What made you do this?
I had serious disagreements with Gennady Bogomiakov, First Secretary of the Tyumen Regional Committee of CPSU. When we started pre-developing Yamburg at the time, he thought that we had to build a town and we wanted a rotational camp. Later it turned out that the second option was right. The Party leaders thought that Yamburg had to be connected with Nadym and we thought – with Urengoy, because the transportation scheme was tied to Urengoy. And they wanted Yamburg to be ‘on the Party list of Nadym’. Frankly speaking, I was inwardly a dissident then. I had embittered relations with the CPSU and finally I was even expelled from the Party. Why? I didn’t like showing off. For instance, there was an incident in Yamburg. I was Director General of Yamburggazdobycha. What was Yamburg back in 1984? A bunch of trailers without water, sewerage or electricity. We had to deal with pressing issues – to create conditions to receive people, to pre-develop the field. I have always thought: less words, pathetics, slogans and more action. And here some filthy instructor arrives and starts to teach me, “Where is the visual propaganda?” I had to admire the useful instructions and rush to implement them. Instead, in such cases I just… used to tell them where to get off. Certainly, such things accumulated and finally I had to leave Yamburg forcedly: I moved to Ufa where I started working as a Chief Engineer in Soyuznefteotdacha Research and Production Association.
- Time has put everything in its place. Mr. Pashin, some people think that a construction site in the Far North is the place where the people do nothing but warm up with vodka, and as for cigarettes, they smoke one after another. I read in your book “The Pashins: Clan History” that alcohol had been forbidden in Yamburg since the field development started, and it was in that busy period, when you gave up smoking, despite all the contingencies. Unbelievable!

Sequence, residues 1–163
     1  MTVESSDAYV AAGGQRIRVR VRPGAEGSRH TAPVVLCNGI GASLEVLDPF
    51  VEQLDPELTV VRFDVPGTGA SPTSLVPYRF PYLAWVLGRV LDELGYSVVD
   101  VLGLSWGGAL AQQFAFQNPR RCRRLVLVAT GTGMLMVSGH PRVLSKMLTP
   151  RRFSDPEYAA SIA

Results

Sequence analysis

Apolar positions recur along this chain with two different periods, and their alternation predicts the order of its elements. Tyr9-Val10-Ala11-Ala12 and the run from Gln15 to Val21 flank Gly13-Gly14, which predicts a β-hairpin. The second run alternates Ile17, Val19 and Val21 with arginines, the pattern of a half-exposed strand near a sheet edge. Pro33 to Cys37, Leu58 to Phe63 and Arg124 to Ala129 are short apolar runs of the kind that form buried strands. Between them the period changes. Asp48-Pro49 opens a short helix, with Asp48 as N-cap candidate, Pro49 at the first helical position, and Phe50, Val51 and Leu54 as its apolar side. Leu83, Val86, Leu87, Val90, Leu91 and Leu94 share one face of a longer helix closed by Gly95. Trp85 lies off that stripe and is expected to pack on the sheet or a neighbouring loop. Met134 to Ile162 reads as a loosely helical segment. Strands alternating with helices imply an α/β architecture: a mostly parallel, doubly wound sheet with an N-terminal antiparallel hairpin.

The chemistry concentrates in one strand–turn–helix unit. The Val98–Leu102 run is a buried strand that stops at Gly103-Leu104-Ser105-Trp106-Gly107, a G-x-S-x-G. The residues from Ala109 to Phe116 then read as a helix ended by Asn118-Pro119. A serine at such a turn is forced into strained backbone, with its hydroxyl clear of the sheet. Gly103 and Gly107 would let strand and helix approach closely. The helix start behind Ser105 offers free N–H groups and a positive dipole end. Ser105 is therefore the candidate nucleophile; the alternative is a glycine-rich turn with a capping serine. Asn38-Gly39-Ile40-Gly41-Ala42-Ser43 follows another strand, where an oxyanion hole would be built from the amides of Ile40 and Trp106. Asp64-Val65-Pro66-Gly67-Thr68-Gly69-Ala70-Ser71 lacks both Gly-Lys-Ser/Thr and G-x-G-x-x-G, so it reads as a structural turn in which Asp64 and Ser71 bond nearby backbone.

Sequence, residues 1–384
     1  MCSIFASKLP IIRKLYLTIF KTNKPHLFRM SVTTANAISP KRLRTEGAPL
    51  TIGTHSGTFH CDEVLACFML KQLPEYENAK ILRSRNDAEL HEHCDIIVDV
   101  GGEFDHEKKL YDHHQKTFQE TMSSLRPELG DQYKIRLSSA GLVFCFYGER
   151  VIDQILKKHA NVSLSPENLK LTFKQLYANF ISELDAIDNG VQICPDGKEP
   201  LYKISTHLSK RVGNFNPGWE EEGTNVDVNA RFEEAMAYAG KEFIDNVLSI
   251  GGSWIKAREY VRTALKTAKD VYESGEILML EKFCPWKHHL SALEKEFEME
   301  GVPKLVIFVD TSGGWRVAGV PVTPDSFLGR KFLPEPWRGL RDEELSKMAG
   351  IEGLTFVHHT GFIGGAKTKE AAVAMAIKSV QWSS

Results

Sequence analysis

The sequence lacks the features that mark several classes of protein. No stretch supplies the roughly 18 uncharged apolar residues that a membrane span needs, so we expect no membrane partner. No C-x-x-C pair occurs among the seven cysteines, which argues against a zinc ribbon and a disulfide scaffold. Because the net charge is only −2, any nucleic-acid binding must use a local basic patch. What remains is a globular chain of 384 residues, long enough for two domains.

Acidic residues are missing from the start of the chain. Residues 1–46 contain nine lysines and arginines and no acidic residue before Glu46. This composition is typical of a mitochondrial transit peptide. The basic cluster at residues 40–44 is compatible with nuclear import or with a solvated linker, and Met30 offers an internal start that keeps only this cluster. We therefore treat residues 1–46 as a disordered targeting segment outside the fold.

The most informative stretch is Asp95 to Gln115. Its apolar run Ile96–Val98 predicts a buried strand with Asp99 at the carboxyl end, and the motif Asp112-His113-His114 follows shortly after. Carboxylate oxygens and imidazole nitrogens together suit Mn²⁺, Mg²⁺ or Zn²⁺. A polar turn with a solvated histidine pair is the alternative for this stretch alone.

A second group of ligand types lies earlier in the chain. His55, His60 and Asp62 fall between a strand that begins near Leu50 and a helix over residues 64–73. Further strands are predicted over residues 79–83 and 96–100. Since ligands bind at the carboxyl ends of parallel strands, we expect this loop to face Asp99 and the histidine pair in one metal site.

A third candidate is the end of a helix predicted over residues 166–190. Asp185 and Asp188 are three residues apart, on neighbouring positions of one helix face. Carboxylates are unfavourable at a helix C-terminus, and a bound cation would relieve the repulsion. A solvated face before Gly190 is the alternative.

I smoked two or three packs of Bulgarian cigarettes a day. I tried to give it up several times, but then everything repeated again. I didn’t stop smoking during the planned meetings in my office where all the attendants were smoking too. The problem was solved when we moved to a new office building made of Czech blocks. I didn’t want to blacken the new walls with cigarette smoke and, besides, the building was fire hazardous, so I signed an order to ban smoking in the office building. Consequently, I gave up smoking myself.
- So you were afraid to violate your own order. Mr. Pashin, do young specialists tend to work in the Far North today? Once young people were attracted by the romance of the North exploration, understanding that there they could gain priceless experience which would come in handy at work many times.
Today you may see many young people who talk a lot about Russia’s prosperity while they are in comfortable conditions of Moscow and Saint Petersburg. If you love your country so much, go to the Far North and work there! Are there many people who wish to go there? No. Formerly, Gubkin Russian State University of Oil and Gas graduates went to the Far North with pleasure. Moreover, those often were the children of high-ranking parents. Sasha Margulov, the son of Deputy Minister of Gas Industry went to the North as a young specialist, worked in Medvezhye, Urengoy, and in Yamburg he was already Director General. He worked in all the positions of a gas worker – from a young specialist to the ‘General’. The sons of Michael Agapchev and Vasily Dinkov (Deputy Minister and Minister of Gas Industry, respectively) also went to the Far North. They considered it essential. And today parents are more protective. They often don’t let their children stand on their own legs. The modern standard is: graduate from the university, find a good job in the office, buy a flat… When choosing a specialty, people tend to find administrative and managerial positions more attractive.